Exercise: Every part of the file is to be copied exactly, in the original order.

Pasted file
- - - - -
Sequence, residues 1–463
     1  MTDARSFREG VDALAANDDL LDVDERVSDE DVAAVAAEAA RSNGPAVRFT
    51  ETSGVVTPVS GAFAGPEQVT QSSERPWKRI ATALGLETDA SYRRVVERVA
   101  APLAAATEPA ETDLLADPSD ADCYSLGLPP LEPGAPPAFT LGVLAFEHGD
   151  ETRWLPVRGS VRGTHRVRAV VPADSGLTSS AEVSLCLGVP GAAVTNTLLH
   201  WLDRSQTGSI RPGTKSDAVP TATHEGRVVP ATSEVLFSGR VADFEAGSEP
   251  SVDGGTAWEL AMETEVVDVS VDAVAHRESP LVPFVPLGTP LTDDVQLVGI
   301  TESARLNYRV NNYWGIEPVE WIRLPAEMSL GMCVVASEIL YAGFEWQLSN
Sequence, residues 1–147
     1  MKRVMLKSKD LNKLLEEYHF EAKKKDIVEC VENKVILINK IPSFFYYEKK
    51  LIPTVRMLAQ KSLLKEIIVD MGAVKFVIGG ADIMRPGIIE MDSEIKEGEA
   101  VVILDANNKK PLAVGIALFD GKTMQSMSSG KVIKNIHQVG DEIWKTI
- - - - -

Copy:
Sequence, residues 1–463
     1  MTDARSFREG VDALAANDDL LDVDERVSDE DVAAVAAEAA RSNGPAVRFT
    51  ETSGVVTPVS GAFAGPEQVT QSSERPWKRI ATALGLETDA SYRRVVERVA
   101  APLAAATEPA ETDLLADPSD ADCYSLGLPP LEPGAPPAFT LGVLAFEHGD
   151  ETRWLPVRGS VRGTHRVRAV VPADSGLTSS AEVSLCLGVP GAAVTNTLLH
   201  WLDRSQTGSI RPGTKSDAVP TATHEGRVVP ATSEVLFSGR VADFEAGSEP
   251  SVDGGTAWEL AMETEVVDVS VDAVAHRESP LVPFVPLGTP LTDDVQLVGI
   301  TESARLNYRV NNYWGIEPVE WIRLPAEMSL GMCVVASEIL YAGFEWQLSN
Sequence, residues 1–147
     1  MKRVMLKSKD LNKLLEEYHF EAKKKDIVEC VENKVILINK IPSFFYYEKK
    51  LIPTVRMLAQ KSLLKEIIVD MGAVKFVIGG ADIMRPGIIE MDSEIKEGEA
   101  VVILDANNKK PLAVGIALFD GKTMQSMSSG KVIKNIHQVG DEIWKTI